Ahead of the PS5’s November release date, Sony has detailed some of the accessibility settings that will be built in to the console and its DualSense controller at launch.
The company’s current generation console PS4 already has many accessibility settings, including text to speech, the ability to invert colours, custom button assignments and more.
In a recent blog post, Sony said PS5 would offer a voice dictation feature to quickly input text without the use of a virtual keyboard, along with button assignments, closed captions and options to hear on-screen text, or have text messages spoken out loud to other party members. Further to that, improvements have also been made to audio in order to provide players with better spatial awareness.
These features will be supported in multiple languages at launch, including English, Japanese, German, Italian, France French, Canadian French, Spain Spanish and Latin American Spanish.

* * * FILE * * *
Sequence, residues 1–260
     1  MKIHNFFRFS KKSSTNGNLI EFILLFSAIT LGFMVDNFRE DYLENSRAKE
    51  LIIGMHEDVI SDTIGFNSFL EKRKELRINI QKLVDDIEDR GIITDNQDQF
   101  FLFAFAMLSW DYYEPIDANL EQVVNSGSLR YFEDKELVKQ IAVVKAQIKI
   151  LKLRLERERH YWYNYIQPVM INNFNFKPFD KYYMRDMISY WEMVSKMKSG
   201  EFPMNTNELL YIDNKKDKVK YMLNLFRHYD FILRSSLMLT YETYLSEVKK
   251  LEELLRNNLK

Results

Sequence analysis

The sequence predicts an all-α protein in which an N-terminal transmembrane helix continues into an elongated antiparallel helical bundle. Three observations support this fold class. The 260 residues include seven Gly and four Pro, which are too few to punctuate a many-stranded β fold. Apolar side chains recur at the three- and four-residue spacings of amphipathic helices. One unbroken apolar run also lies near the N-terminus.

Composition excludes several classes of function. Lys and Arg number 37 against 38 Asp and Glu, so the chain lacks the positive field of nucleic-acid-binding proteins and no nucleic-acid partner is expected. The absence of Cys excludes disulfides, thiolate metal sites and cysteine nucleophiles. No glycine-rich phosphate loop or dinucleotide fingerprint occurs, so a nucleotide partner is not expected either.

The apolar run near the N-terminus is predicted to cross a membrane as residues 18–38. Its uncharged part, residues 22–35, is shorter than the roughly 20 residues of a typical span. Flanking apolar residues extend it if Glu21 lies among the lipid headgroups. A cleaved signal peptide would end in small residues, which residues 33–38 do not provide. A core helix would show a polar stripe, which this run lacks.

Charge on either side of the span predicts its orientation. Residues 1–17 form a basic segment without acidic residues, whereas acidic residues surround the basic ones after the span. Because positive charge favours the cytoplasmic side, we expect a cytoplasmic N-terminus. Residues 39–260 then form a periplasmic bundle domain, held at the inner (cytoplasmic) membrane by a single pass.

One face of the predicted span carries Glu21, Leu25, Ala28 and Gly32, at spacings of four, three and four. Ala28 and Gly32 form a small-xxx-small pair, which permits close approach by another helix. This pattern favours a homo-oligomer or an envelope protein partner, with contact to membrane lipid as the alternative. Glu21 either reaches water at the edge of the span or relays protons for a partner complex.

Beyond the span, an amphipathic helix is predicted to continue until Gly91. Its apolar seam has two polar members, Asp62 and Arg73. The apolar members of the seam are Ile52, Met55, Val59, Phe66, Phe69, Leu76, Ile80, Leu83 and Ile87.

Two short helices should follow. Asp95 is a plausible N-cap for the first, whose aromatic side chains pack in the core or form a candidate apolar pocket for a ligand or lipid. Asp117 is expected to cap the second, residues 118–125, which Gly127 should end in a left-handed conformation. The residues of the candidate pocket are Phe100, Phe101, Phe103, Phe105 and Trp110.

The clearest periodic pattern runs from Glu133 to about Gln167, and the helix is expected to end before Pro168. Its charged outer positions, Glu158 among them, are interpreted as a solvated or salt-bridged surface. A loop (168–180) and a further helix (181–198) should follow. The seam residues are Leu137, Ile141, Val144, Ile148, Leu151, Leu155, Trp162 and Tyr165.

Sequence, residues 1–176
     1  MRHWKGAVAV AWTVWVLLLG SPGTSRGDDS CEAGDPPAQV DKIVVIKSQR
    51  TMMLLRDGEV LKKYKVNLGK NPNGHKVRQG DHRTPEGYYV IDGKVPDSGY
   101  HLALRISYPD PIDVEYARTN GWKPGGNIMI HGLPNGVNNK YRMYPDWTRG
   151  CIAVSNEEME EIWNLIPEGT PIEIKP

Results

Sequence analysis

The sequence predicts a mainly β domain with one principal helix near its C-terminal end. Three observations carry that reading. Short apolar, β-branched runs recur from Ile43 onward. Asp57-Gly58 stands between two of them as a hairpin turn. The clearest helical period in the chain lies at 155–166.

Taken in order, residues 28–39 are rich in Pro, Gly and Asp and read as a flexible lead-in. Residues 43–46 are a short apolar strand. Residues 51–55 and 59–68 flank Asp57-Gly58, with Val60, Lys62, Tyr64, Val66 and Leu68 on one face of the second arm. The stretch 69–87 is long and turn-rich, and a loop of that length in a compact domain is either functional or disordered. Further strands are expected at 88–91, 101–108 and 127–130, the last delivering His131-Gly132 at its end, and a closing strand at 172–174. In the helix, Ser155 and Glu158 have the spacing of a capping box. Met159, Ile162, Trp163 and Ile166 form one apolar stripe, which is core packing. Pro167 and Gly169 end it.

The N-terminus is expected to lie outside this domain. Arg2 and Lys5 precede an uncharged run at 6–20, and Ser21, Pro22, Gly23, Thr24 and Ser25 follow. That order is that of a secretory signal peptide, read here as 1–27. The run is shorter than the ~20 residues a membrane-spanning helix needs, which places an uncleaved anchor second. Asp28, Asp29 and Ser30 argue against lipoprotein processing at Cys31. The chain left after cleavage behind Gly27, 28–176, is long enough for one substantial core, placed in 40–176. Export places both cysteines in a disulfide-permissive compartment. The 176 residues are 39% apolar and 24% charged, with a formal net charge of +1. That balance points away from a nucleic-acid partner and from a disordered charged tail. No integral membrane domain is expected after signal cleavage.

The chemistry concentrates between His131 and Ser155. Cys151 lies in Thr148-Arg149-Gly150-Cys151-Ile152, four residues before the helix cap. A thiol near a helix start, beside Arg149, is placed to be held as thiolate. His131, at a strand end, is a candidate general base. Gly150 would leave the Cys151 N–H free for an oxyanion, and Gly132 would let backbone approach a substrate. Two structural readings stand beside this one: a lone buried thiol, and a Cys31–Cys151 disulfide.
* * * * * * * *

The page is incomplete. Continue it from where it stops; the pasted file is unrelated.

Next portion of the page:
Sony has also stated that the PS5 will support user-adjustable colour correction, with the option to create game presets so that users can customize their settings in advance for games which support this .
When it comes to the DualSense controller, Sony has said that it’ll be possible to reduce the force of the haptic feedback and adaptive triggers or turn it off entirely.
In addition to its work on accessibility features, SIE established ABLE@PlayStation for its employees earlier this year, which is described as “an accessibility and all abled inclusion-focused employee network.”
The company said that ABLE was built to ensure accessibility and disability inclusion for its employees and the community. The employee network also focuses on emotional health awareness, supporting the fight against chronic illnesses.
Both the PS5 and PS5 Digital Edition will launch on November 12 in the US, Japan, Canada, Mexico, Australia, New Zealand and South Korea, with the rest of the world getting the console on November 19.
However, the release date for PS5 accessories was recently brought forward to October 30 in the US, and to November 12 in the UK.